Students will develop a personal and evidence-based perspective on the genetics of education debate through close examination of behavioural genetic evidence regarding reading, maths, cognitive ability, psychopathology and home and classroom environments.
|Spring Term 2022-23 to Summer Term 2022-23
introduce students to debate about whether and how genetics should be taken into account in the planning and practice of education.
Provide sufficient background in the behavioural genetics of learning abilities and disabilities for students to develop an informed perspective.
Enable students to independently analyse a range of sources from behavioural genetics, psychology, politics and education, and to critically engage with the overlaps between these disciplines.
Enable students to engage with different forms of evidence and argument, reviewing their reliability, validity and significance to psychology in education.
Knowledge and understanding of behavioural genetic principles and practices e.g. twin studies.
Knowledge and understanding of the heritability of learning abilities and disabilities.
Knowledge and understanding of the historical and political background to debates about genetics and education.
Critical examination of the strengths, weaknesses and limitations of behavioural genetics with regard to education.
Students will develop a personal and evidence-based perspective on the genetics of education debate through close examination of behavioural genetic evidence regarding reading, maths, cognitive ability, psychopathologyand home and classroom environments.
Academic and graduate skills
Developing an informed personal opinion on a controversial topic.
Effectively communicating a personal view, and the evidence underpinning it, in both written and oral form.
Identifying and engaging with a range of sources e.g. academic papers, media reports, policy documents and social media discussions, and critically evaluating their reliability, validity and relevance.
Analysing and critically evaluating the ways in which theories and data from different disciplines can inform each other and enhance understanding.
Working proactively and autonomously to select and manage information, and using this to engage effectively in debate.
A sample outline of week by week content (subject to change):
Week 2: Behavioural Genetics: The Rise and Fall of a Discipline
Week 3: Genetic and Environmental Determinism
Week 4: Twin and Adoption Methods
Week 5: Heritability and the Human Genome
Week 6: Genetic and Environmental Influences on Intelligence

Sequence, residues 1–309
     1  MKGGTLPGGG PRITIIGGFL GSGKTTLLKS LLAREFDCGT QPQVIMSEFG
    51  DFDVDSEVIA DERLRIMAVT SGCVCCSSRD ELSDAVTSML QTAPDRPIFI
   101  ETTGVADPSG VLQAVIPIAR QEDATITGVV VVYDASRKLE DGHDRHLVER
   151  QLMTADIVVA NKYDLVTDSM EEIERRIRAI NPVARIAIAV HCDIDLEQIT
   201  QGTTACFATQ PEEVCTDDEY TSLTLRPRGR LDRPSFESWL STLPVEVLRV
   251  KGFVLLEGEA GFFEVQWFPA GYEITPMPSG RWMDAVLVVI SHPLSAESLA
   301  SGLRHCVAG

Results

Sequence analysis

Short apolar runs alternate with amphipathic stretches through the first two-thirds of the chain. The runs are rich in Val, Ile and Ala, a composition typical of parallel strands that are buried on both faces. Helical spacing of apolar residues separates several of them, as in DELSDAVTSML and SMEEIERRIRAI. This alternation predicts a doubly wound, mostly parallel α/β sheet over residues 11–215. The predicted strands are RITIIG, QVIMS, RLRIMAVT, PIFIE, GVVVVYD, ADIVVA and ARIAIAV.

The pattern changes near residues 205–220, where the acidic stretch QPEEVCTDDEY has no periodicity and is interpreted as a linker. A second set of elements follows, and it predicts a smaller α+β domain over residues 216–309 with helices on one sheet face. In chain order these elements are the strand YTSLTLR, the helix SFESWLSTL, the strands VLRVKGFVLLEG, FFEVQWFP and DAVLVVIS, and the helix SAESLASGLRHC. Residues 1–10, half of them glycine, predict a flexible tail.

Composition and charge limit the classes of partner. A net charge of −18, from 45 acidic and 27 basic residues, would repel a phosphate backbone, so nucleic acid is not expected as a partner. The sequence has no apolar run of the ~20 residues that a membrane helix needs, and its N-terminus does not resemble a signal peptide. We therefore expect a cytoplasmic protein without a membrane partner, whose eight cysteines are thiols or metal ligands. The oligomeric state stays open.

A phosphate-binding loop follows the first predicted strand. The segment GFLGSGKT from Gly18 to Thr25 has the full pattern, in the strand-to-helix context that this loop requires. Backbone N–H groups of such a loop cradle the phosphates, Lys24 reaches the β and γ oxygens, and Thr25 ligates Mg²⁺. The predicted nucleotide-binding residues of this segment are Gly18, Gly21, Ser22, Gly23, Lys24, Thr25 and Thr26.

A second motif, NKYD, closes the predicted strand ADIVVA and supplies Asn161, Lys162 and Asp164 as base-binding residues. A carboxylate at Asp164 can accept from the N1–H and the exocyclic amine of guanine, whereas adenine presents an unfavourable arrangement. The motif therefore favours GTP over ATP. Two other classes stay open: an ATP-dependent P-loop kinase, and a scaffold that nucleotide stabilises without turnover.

Week 7: Genetic and Environmental Influences on Academic Achievement
Week 8: Genes, Environment and Developmental Psychopathology
Week 9: Environmental Influence and GE Interplay
Week 10: Big Questions
Week 1: The application of genetic research in schools
Week 2: Genetic research in the classroom
Week 3: Genetics and educational policies
Week 4: Genetics, Free Will and Education
Each class session will require students to do reading preparation and some follow up activities. The reading and follow up activities will often take several hours to complete so students should make sure that they have built in to their weekly schedule time to complete these tasks. As part of students’ studies, it is important that they embark on a process of self-directed learning in addition to the formal class meetings.
This module is supported by the Yorkshare Virtual Learning Environment (VLE). The module is being taught in conjunction with the learning materials available on the VLE. The interactive nature of the materials will allow you to fully engage with the subject area and be in control of your learning and progress through the module.
|% of module mark
Essay 3000 words
|% of module mark
Essay 3000 words
Written feedback on assignment report sheet and face-to- face feedback in supervisions. The feedback is returned to students in line with university policy. Please check the Guide to Assessment, Standards, Marking and Feedback for more information.
Asbury, K. & Plomin, R. (2013). G is for Genes: The Impact of Genetics on Education and Achievement. Chichester: Wiley Blackwell.
Asbury, K., Almeida, D., Hibel, J., Harlaar, N. & Plomin, R. (2008). Clones in the Classroom: A daily diary study of the nonshared environmental relationship between monozygotic twin differences in school experience and achievement. Twin Research and Human Genetics, 11 (6) 586.
Harris, J.R. (1999). The Nurture Assumption: Why Children Turn Out the Way they Do. New York: Touchstone.
Pinker, S. (2002). The Blank Slate: The Modern Denial of Human Nature. New York: Penguin Putnam Inc.